Teeny lingerie

Susan recently released her new Emma racer back bralette and slip.

Did you see the dark moody floral version she made?

She’s developed this style because traditional straps on nightwear and slips just don’t work for her shoulder shape. Racer back tops are really supportive for gymwear so I wanted to road test this pattern out.

The slip I made was such a game changer for me. The straps are so supportive. The upper bust holds to me firmly. The skirt on the slip lends itself to applying all sorts of gorgeous knit lace.

I was able to use up bra elastic, bra notions and black tricot that I had in my stash.

There are also lace remnants used to on the bra cups.

The lace on the hem was bought last week.

Susan’s a friend and she gave me this pattern to test. Yes I admire her work and ability to develop patterns that are different and useful.

It’s Winter here and I tend to wear slips to stop knit dresses from ‘sticking’ to me.

Now for the bralette. 
This is the first version I made and I had a ball making it.

I’m not the ideal candidate for a bralette but my amazing, youngest niece (all the nieces and nephews are amazing) was thrilled to have a bralette made by her aunty. Yay me!

It’s not often I sew for others so I did a bit of research and asked her Mum what colours to use. I had thoughts of florals, gorgeous lace, all sorts of ideas. 

Thankfully she’s an urban kid at heart so black and grey were what she wanted. This set kept me using my lingerie stash.

Ok, I bought the grey fabric but the rest is all from my stash.

The instructions for both the slip and the bralette are helpful and complete. 
That meant I could follow them easily in between bouts of housework over the weekend.

The bottoms are made using View B from McCalls 5651. 

The bottoms took a bit of time to work out because the McCalls pattern doesn’t use elastic on the legs, so I had to work out the elastic lengths I needed. 

Above is View A and View B in lace remnants for me and not young Miss. The lining in these views is too short and also not as wide as the front pants.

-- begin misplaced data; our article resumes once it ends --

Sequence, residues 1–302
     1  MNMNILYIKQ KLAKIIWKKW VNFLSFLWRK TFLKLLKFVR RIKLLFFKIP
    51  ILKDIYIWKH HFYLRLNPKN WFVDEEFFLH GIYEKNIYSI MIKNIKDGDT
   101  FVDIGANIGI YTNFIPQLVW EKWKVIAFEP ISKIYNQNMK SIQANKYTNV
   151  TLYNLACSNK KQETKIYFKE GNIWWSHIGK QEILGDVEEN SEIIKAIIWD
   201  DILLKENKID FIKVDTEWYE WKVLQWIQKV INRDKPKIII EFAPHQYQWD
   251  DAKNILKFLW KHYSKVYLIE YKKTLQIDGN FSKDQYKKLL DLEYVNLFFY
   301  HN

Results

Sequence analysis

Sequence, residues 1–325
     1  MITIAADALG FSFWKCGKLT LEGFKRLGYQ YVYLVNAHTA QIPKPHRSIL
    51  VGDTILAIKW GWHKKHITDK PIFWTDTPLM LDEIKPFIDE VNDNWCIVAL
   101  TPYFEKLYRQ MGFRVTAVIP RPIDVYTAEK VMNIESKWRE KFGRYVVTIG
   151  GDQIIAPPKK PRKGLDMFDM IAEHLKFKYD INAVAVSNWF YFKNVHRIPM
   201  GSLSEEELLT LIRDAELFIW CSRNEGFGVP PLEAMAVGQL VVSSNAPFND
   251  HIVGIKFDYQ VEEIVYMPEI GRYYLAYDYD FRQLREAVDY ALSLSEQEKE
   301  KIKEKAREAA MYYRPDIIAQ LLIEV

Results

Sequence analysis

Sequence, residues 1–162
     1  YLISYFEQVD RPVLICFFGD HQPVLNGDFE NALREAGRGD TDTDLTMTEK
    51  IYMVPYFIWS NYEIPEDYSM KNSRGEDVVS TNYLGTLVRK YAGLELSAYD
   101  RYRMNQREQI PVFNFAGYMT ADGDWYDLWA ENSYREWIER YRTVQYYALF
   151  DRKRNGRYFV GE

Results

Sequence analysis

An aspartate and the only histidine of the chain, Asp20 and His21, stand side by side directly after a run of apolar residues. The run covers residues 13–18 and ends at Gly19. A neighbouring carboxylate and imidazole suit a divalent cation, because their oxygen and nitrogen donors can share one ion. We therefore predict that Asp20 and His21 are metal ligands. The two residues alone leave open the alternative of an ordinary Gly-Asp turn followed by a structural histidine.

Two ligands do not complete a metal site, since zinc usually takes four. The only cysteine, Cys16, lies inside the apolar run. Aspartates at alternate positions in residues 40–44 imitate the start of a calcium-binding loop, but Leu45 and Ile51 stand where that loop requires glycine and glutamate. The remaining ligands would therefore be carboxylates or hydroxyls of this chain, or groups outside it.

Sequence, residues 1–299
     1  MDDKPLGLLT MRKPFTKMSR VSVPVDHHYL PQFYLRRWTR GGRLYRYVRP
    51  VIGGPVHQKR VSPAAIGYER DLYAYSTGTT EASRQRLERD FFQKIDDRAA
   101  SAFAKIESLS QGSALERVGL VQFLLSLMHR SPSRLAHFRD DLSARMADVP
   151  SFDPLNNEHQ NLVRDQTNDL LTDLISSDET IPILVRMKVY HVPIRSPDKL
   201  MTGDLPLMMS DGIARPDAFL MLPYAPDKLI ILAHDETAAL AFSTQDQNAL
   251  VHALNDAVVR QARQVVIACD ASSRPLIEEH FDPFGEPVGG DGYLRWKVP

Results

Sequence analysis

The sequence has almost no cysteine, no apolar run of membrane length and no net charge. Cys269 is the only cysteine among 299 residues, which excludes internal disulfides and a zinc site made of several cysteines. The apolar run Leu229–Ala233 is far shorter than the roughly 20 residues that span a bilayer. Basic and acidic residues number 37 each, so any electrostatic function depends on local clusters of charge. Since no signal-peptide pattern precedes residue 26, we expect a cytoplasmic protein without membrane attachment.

So I think I’ll give Susan’s Emma racerback pattern lots of thumbs up.

Those Prym sewing notions need to be used so I have plenty of lingerie projects ahead.



Lacewear was the best title for this month’s Minerva Crafts post as I’ve used pink light stretch knit lining and lace for Burda 7186 lingerie pattern.

These pieces are functional and pretty. 
Slips make me feel more comfortable when I wear these under knit dresses. There’s less ‘cling’.

This cami set is a replacement for my summer sleepwear. Gone are the daggy shorts and worn out tee.

Minerva Crafts has a big range of these knit linings so when I put my order in, Vicki kindly matched the lace to this pink for me. The main lace criteria was a 10 cm wide lace. This lace is slightly wider, so I was really happy with Vicki’s choice.

Uhm…I forgot to order the strap notions so I dived into my bra stash for these. I know Minerva Crafts stock these bra notions so I need to remember to read my patterns better to check what notions I need. They do have premade bra straps.

Pattern adjustments

These were minimal. I made the slip first and chose size 12.

As I had recently made a basic slip, I checked the patterns to the finished slip and shortened it by 18cm.

I made the cami set next so I chose size 14 for a loose fit. Not too loose but enough that I wouldn’t feel restricted. 

I added 2cm to the length of the centre back seam for my ‘caboose’.

Added swimwear elastic

On the slip, I added swimwear elastic across the top back panel for a firmer fit.

For the cami set, I added swimwear elastic across the top of the front and back panel. I’m still thinking about added elastic across the bottom of these top panels too.

Sewing lace

While the average person wouldn’t think about sewing lace, I kept taking photos of the sewing process because I sometimes think sewing lace is difficult.  

The photo above show the preparation of the front bodice.
Sewing the darts and finishing off the armhole was simply straight stitching.

Once I had sewn on the lace, this slip was starting to really look good.

Here’s a close up of the finished slip bodice.

Here’s a close up of the finished lace hem.

The result was sensational to me.

Knit lining

While this knit has minimal stretch but it still has some stretch. I used a stretch 90/14 machine needle to sew this fabric and mainly used a straight stitch.

I used a fine zigzag stitch to sew on the lace. Above is the a closer look at trimming back the base fabric to show the lace.

Strap construction
Burda suggests you construct the two parts of the straps separately, so I did for the slip. 

Below shows how I’ve moved the needle to the right to sew up the straps.

By the time I started working on the cami, I cut out one piece of fabric instead of two.

It’s so much easier sewing up a long ‘strap’ and then cutting it to size.

Here’s a closer photo.

I can safely say this pattern was worth getting to make these basic lingerie sets.

Sewing these basics didn’t take too much time and I can tell you this pattern will be used again.

While I forgot to order the bra strap notions, I actually got the lace order right.

Thanks for this lovely lacewear Minerva Crafts.